Israeli educational program trains teen girls for elite cyber jobs

CyberGirlz aims to close the gender gap in an industry where women only make up 11 percent of the workforce

A man holds a laptop computer as cyber code is projected on him (photo credit: KACPER PEMPEL/REUTERS)
A man holds a laptop computer as cyber code is projected on him
Five years ago, Tali Ben-Aroya walked into a room at a technology company in the United States and realized that among the 30-odd entrepreneurs she was the only woman. Eager to address the imbalance, Ben-Aroya founded CyberGirlz, a prestigious initiative that encourages and prepares Israelis of high school age to enter the cutting-edge field of cybersecurity.
“It wasn’t the first time I was the only woman in a room [with people in the tech industry], but it was the first time in my life that I felt being a minority actually matters and makes everything much harder,” Ben-Aroya recounted to The Media Line.
Each year, CyberGirlz—a program that is part of the Rashi Foundation's broader effort to promotes equal opportunities across business sectors—hosts a special summer camp for dozens of teens, the goal being to train and ultimately recruit the next generation of women for the hi- tech sector as well as the Israeli army’s elite cyber units.
“We’re trying to expose the girls to computer science but in a way that they can relate to so that they can see how [the skills] can help them fulfill their dreams,” Ben-Aroya explained. “Girls in middle school don’t tend to choose STEM [science, technology, engineering and mathematics], computer science or cyber security [careers]. I realized that if we wanted to make a change and if we want [equal representation], then we need to start at [a young] age.”
At the CyberGirlz camp, held recently in near the northern Israeli town of Afula, dozens of teens met with army experts, went on industry tours and attended workshops.
“In this program I met women who serve in the army in [elite] technology units,” Shahar Ohana, a 17-year-old participant, told The Media Line. “That really inspired me to be more successful.”
The 2017 Global Information Security Workforce Study—carried out jointly by the Executive Women’s Forum, the (ISC) 2 and the Center for Cyber Safety Women—found that women make up only 11 percent of cybersecurity professionals globally. This has contributed to there being some 300,000 cyber positions currently unfilled in the U.S. alone. In fact, the shortage of professionals is so severe that those who complete their technical training are virtually guaranteed a job.
“There is 0% unemployment,” Marian Merritt, the Lead for Industry Engagement at the U.S.- based National Initiative for Cybersecurity Education (NICE), told The Media Line. “So someone who embarks on a path towards working in cybersecurity is guaranteed to not only have interesting and [well-paying] work for the near future, but also be in an area where they can influence the world in a positive way.”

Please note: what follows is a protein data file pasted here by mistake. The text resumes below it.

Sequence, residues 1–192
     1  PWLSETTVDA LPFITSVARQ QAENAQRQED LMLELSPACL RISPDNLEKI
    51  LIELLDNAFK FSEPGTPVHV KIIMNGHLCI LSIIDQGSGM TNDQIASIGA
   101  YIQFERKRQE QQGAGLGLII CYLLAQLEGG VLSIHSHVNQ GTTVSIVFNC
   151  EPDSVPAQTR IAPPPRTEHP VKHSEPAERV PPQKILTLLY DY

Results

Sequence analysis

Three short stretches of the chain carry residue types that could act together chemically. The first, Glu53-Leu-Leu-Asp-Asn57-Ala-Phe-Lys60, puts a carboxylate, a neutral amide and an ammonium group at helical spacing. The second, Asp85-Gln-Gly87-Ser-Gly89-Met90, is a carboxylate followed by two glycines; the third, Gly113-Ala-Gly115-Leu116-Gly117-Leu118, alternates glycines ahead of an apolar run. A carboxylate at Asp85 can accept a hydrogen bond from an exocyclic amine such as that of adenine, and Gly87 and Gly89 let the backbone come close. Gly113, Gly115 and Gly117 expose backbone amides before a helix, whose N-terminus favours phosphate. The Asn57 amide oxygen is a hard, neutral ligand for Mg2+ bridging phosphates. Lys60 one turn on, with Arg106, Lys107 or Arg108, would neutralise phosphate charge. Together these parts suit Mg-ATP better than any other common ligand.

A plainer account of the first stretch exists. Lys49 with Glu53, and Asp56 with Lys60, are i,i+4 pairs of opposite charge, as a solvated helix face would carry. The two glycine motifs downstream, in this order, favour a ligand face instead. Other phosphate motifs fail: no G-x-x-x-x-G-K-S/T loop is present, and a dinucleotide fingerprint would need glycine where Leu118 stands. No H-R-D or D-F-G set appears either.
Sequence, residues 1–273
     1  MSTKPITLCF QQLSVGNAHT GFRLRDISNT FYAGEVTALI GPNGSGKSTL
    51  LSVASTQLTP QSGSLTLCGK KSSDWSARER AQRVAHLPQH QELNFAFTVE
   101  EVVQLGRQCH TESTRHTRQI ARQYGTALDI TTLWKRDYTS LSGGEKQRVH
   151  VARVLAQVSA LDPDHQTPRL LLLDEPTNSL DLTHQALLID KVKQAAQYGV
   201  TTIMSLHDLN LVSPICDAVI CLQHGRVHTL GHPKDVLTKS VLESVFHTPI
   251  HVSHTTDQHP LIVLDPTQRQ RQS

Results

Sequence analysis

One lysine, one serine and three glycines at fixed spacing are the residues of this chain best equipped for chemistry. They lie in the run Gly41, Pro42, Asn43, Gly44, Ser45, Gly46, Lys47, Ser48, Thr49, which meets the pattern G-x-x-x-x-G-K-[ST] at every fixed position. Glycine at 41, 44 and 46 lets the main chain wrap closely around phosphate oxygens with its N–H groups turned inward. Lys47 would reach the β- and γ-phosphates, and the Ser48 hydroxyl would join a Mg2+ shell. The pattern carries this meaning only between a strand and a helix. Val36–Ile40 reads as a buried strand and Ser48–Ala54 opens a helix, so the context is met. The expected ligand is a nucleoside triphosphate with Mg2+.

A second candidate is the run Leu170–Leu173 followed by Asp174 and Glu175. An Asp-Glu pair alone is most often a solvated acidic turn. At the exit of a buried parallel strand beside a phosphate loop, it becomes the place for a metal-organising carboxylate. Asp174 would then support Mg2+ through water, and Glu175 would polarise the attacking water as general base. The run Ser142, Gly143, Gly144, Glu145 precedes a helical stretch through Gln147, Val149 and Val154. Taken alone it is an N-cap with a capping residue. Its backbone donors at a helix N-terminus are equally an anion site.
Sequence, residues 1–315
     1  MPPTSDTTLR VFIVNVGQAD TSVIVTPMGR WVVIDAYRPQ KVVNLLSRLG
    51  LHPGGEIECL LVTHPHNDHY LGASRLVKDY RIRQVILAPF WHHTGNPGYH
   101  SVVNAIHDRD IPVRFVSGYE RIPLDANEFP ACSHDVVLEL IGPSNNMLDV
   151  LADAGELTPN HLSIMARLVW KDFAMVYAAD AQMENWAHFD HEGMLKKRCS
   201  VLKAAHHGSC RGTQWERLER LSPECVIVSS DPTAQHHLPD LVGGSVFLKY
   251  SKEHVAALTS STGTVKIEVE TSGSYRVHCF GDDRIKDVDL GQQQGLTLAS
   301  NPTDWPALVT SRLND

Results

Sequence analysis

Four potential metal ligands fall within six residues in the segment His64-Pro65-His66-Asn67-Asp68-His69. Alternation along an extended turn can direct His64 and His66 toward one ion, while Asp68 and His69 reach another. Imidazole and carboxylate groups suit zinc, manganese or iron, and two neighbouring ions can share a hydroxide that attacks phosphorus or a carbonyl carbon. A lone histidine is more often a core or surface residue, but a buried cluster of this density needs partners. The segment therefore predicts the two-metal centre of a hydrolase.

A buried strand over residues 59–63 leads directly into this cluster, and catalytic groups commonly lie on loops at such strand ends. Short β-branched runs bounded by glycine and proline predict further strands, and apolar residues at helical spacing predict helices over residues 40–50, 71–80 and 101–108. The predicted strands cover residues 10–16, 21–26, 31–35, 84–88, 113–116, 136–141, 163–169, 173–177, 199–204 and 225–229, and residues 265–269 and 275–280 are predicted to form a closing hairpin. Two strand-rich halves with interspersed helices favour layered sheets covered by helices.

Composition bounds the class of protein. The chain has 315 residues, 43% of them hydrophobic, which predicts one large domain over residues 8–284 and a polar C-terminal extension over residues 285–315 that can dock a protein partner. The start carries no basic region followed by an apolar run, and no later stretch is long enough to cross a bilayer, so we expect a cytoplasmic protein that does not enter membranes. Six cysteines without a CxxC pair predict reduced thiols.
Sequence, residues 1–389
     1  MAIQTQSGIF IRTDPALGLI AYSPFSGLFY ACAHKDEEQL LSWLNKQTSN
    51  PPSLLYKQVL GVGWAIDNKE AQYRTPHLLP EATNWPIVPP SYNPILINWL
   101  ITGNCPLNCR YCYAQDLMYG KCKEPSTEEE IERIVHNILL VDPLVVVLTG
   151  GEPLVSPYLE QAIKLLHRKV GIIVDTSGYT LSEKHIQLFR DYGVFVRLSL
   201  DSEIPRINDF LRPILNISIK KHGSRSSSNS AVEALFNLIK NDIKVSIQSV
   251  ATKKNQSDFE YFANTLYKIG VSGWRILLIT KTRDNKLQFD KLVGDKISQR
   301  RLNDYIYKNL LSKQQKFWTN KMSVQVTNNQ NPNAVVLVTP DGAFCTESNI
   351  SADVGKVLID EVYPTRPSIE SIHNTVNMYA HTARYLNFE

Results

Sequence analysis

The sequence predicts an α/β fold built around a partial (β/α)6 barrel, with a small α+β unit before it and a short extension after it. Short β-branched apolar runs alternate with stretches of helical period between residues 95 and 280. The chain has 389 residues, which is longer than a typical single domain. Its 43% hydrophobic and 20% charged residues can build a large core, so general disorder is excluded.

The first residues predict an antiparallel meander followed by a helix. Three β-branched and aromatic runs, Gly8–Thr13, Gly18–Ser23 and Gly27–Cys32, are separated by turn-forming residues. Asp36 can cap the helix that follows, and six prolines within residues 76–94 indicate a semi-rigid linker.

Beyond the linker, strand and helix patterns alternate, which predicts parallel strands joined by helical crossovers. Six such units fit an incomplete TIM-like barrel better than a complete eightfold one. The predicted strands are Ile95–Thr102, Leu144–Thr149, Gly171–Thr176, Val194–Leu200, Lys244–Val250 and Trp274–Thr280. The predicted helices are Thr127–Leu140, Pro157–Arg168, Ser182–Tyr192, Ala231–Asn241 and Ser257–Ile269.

NICE, which works with the U.S. Department of Commerce, offers a number of mentorship programs for teens seeking to enter the world of cybersecurity. However, Merritt believes the key to addressing the issue of female under-representation in the industry must begin at home.
“The reason women are a little less interested in cybersecurity has to do with their awareness of these careers; they very often don't know anybody with this kind of job,” she explained. “Their teacher does not talk to them about these careers, their parents certainly don't talk about it either. So I would encourage us to start with parents.”
Though Israel has one of the world's most advanced cybersecurity industries, one of its largest companies, Israel Aerospace Industries (IAI), is finding it difficult to recruit qualified candidates.
“Having good professional people is very rare,” Camila Edry, Director of Cyber Projects at Elta- IAI, conveyed to The Media Line. “There is a huge shortage of good cyber personnel all over the world.”
The scarcity impacts a number of important fields, such as healthcare, with cyber-attacks and leaked personal medical information having become a pressing problem.
Triventures, an Israeli venture capital fund, is trying to change that.
“We’re very interested in cybersecurity for healthcare,” Michal Geva, Founder and Managing Partner of Triventures, asserted to The Media Line. “Healthcare is one of the most attacked sectors. In recent years, roughly 200 million electronic health records were hacked in the United States alone.”
Getting women involved through educational programs like CyberGirlz could end up changing the face of this crucial industry. “We need everybody, boys and girls, to enter cybersecurity careers,” Merritt concluded.